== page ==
Seriously, Mesa Verde is nice.  There are many areas of interest, and we’ll probably go back sometime, but between the structured exploration, the crowds, and our limited time, we decided we would get more out of the remaining part of our trip.  We left, and headed up to Moab.

A place of worship . . . if I remember correctly.  A Sun Temple.

Along the way we saw more nice scenery, our first arch (Wilson’s arch, along US-191), and a striking bell-like formation.  Again, you might notice an odd processing of the photos . . . the photo-realistic versions are in the SmugMug album (as usual, click on any of the photos).

Along US-191, something likely named Bell Rock.  Much better than the one near Sedona, AZ.

US-191, just South of Mohab, Wilson's Arch

As we approached Moab, the landscape was dotted with all sorts of red rock formations, made to appear fiery by the setting sun.  No offense to the Mesa Verde ruins, but this was way better, and we were not even in the park.

We got ourselves a room (one of the last rooms available), and planned on getting to the park early the next morning.  Early turned out to be a little after 8:30am (“let’s sleep a little longer” striking again), and the first thing they told us at the park’s Visitor Center was that if we planned on hiking we should get our butts out there and be done before noon, when the temperature would be reaching uncomfortable levels.  Otherwise, they advised to wait until after 4:00pm.  We made our plans, and decided to do the Devil’s Garden Loop (something like 7 miles for the whole thing).

Arches National Park proper

Getting to the Devil’s Garden from the Visitor’s Center takes about 30min.  It takes a little longer if you get behind RV drivers who don’t have the courtesy to use the pullouts.  You also get to practice maledictions aimed at said drivers, their ancestors, and progeny (sadly, it did look like most of them had, in fact, reproduced).

By the time we got to the trailhead and got ready, it was already 10:00am.  Did I mention the temperature was in the high 90s?  Did I mention that it was supposed to top at around 104?  We armed ourselves with plenty of water, an umbrella, 15+lb of camera equipment, a tripod, hats, and some snacks, and we headed off.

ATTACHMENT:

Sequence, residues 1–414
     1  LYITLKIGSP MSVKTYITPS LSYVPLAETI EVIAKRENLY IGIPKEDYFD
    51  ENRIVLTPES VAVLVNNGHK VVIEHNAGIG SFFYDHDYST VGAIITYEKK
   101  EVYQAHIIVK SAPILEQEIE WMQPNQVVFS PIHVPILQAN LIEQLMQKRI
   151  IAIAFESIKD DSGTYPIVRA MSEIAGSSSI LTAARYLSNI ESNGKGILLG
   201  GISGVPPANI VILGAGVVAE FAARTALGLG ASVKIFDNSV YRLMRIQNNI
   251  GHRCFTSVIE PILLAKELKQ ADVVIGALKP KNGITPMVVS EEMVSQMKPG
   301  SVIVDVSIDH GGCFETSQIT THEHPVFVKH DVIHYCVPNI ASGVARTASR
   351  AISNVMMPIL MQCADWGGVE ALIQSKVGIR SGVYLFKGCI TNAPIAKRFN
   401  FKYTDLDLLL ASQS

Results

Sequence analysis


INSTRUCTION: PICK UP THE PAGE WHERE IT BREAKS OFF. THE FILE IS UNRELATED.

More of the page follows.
“An umbrella?” you ask?  Yep.  You see, the photographer half of our team is apt to stop often, and it is a scientific fact there is never any shade near the place from where I generally take pictures.  That’s fine for me, since I’m willing to fry in the heat as I fiddle with all my lenses, various gadgets, and tripod.  Melisa, however, gets to just stand there and bake in the hot sun.  Ergo, the umbrella: portable shade.  The only thing she had to endure were the envious stares of people walking by, their skin slowly being dissolved by the unrelenting sun (it’s amazing how many people don’t even wear hats).

Edited to add:  a better map of Devil’s Garden Loop

The first arch . . . they are all named, and one can easily find the names on line.  I would add them here, but people would likely forget them anyway.

Again, note the different look . . . for this arch I tried five different “looks” (available in SmugMug).  Most places I only have two; the “real” one and the fancy one.

For some reason I felt this particular "look" suited the landscape

Here I included Melisa in the picture to give a sense of scale . . . she is 12 ft tall, so you can do the math on the height of the arch

The famous Landscape Arch.  It's one of the oldest geological features of the park, and they say it could go at any time.  Of course, that means sometime between now and 500 years from now.

I tool a lot of pictures of this arch because both on the way in, and on the way out it was a convenient stopping place to have some water, eat something, and rest in a small amount of shade.

This was another shady spot, although I wondered about that "geological time" thing.  I like the reflected sunlight on the underside of the arch.

At one point we reached an open cave, so I suppose it could have been a wide arch.  We unloaded all out gear, and rested for a bit.

This is one of those rare instances I show what I look like, and how lovely my wife is.  Frankly, I don’t see what she sees in me, but whatever it is, I am glad that she does.

The unsightly stain is in part from the wet rags we wore around our necks, and from the strap of my camera case which was over my shoulder and across my chest.  I share this picture (and the next) precisely because I look like a goofball and I’m shown in a very unflattering way.  It helps keep the chicks from bothering me.

If you can avert your eyes from the clown waving, look to the far left of the picture where some of our gear can be seen resting as well.

This was the view through the last arch on the hike.  We shared it with a couple from Germany.

By 11:30am, the temperature was noticeably higher, and we decide to forgo the last leg of the trail (1.8miles round trip).  We tell ourselves we just want to leave something for our next visit, but the truth is we were worried our shoes would melt.  Still, in a little over 5 miles we’ve seen some nice arches, impressive rock formations, and numerous vistas.  All in all, a good walk.  We do take a small detour around some interesting formations, and chance upon this ancient prehistoric sloth, frozen in time.

At one point I thought it moved . . . but it was only the heat making me hallucinate.

On the way back we snapped more of the same pictures you saw earlier, so I won’t post them here, but they are available in SmugMug for the two people who will be interested.